Starting Fire – Common tasks include:
- Cutting and collecting firewood, including scraping or shaving bark of dead trees and branches to be used as tinder
- Scraping or striking a Ferro rod to start a fire
- Make a bow drill friction fire kit
Swiss Army Knife as a Survival Tool
A blade is the most important tool in a survival situation. The blade that comes with the Swiss Army Knife performs superbly in most cutting tasks.
Is it the hardest steel in a pocket knife? Of course not. But as a utility knife blade, you will be hard-pressed to find something better in terms of quality and price.
The steel retains its edge for a decent amount of time and can be sharpened quite easily.
And if you go for one of those bigger models of SAKs, you not only get a bigger blade but also a lockable one!
You can read more about the steel that Victorinox uses in Swiss Army Knives in this post.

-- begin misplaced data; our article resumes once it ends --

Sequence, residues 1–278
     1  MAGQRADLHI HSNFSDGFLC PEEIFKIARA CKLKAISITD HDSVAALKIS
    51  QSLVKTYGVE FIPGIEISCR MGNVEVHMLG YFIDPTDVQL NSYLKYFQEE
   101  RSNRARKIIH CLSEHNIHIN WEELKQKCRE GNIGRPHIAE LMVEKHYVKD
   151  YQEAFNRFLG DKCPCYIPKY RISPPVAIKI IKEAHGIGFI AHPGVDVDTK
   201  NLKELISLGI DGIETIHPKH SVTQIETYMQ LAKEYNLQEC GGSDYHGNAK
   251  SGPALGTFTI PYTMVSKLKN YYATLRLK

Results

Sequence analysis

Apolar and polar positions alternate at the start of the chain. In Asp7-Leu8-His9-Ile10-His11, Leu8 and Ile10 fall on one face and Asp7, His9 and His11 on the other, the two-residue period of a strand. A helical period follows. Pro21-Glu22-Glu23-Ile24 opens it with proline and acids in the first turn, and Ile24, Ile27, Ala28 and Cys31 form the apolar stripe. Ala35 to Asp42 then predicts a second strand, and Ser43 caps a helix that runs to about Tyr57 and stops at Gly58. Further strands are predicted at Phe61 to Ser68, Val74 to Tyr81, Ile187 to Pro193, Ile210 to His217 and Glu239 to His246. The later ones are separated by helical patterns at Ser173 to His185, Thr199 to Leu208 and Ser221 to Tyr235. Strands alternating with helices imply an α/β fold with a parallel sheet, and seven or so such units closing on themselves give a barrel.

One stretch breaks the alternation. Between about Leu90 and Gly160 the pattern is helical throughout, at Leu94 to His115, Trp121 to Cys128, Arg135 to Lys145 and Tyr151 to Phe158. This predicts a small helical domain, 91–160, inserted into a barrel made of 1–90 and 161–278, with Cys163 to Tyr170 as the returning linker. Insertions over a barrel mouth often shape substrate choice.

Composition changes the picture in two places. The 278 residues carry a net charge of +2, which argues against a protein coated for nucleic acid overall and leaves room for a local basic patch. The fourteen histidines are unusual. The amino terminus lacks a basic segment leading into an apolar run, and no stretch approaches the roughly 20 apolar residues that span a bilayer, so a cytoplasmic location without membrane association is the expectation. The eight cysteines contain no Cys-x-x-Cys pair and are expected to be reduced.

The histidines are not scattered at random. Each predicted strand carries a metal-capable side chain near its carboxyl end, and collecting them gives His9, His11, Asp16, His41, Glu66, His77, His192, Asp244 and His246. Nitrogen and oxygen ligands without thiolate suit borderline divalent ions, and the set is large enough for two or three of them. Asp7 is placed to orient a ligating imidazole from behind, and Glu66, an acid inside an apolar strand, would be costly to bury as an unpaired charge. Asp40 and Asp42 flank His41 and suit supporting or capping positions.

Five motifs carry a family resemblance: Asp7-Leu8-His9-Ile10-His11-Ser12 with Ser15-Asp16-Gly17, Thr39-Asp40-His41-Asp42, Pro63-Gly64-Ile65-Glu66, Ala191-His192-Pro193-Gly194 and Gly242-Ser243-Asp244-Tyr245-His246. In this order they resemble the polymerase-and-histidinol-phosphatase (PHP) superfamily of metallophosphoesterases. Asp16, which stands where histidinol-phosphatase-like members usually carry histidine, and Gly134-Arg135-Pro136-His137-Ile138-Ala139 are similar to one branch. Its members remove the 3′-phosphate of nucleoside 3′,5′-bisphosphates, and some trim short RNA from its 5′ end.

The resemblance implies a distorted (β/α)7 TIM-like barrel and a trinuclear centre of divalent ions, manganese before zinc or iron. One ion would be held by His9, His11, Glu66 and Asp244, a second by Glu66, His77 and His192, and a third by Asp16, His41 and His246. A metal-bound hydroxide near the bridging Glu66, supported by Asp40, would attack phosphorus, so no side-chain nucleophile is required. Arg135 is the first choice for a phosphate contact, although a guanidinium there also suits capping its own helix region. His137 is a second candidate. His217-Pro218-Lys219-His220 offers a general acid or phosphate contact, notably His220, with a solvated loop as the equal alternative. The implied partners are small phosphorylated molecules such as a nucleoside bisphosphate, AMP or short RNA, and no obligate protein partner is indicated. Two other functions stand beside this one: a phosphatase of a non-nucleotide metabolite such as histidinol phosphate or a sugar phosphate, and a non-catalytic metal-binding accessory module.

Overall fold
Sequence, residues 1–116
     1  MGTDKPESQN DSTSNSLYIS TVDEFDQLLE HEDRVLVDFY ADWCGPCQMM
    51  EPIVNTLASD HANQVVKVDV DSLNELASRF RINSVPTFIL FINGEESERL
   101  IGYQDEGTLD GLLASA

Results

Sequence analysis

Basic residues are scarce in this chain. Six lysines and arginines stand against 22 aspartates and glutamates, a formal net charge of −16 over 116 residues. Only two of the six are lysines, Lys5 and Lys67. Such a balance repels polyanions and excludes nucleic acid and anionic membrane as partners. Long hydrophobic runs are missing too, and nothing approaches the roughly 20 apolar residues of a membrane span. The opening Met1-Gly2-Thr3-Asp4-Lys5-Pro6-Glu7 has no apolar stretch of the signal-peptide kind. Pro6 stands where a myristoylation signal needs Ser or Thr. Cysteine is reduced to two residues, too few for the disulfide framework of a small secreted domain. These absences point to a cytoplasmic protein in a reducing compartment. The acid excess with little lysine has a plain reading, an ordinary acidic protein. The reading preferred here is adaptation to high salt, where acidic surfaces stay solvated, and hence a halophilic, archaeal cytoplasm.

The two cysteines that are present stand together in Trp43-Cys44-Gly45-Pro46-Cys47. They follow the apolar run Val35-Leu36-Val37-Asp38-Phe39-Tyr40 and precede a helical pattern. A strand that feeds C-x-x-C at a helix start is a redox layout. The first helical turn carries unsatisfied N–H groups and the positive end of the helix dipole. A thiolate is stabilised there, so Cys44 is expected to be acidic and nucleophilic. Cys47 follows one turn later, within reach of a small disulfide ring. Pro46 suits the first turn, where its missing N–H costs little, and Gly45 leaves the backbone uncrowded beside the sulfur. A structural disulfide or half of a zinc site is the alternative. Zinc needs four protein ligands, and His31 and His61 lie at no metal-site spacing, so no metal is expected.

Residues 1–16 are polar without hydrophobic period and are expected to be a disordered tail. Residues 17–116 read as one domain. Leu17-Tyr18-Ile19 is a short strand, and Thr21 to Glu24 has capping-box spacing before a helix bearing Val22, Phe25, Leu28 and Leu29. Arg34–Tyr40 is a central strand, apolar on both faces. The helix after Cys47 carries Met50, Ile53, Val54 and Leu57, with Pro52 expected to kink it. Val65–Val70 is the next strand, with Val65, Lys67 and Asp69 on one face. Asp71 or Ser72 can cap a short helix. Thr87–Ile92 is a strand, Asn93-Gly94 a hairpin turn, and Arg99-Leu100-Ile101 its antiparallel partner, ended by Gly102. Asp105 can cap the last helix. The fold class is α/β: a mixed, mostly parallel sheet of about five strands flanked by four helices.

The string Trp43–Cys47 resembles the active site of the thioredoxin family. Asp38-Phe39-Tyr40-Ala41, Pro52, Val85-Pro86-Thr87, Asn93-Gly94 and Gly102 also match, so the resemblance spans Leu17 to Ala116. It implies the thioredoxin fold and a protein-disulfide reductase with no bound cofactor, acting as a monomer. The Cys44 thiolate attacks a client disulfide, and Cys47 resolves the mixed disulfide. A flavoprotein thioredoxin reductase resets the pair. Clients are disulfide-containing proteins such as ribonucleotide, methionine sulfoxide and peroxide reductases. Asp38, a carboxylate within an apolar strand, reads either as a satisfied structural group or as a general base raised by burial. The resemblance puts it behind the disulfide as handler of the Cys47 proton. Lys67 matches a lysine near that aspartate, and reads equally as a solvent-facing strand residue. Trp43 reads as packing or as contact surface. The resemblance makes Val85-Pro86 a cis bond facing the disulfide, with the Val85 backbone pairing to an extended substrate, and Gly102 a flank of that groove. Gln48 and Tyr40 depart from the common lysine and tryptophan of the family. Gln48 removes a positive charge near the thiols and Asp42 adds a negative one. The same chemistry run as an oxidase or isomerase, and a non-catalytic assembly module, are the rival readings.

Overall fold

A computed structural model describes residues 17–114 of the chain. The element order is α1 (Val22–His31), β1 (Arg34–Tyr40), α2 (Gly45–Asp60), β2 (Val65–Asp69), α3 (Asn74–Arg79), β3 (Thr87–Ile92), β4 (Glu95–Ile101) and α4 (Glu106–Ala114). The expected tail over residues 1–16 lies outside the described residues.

While a blade is the most important tool in a survival situation, other tools, especially a wood saw and the awl that you will find in many Swiss Army Knife models are remarkably useful.
Yes, it won’t be easy and fast to saw off a tree or a strong branch with the SAK saw. But it is doable. The little saw found in the 91mm SAK models has been successfully used by many to gather timber to build a shelter.
Things become a lot easier and faster if you have the saw of a larger SAK model.
The wood saw in the 111mm SAKs is much longer and more effective. The 111mm SAK also has a much more comfortable grip.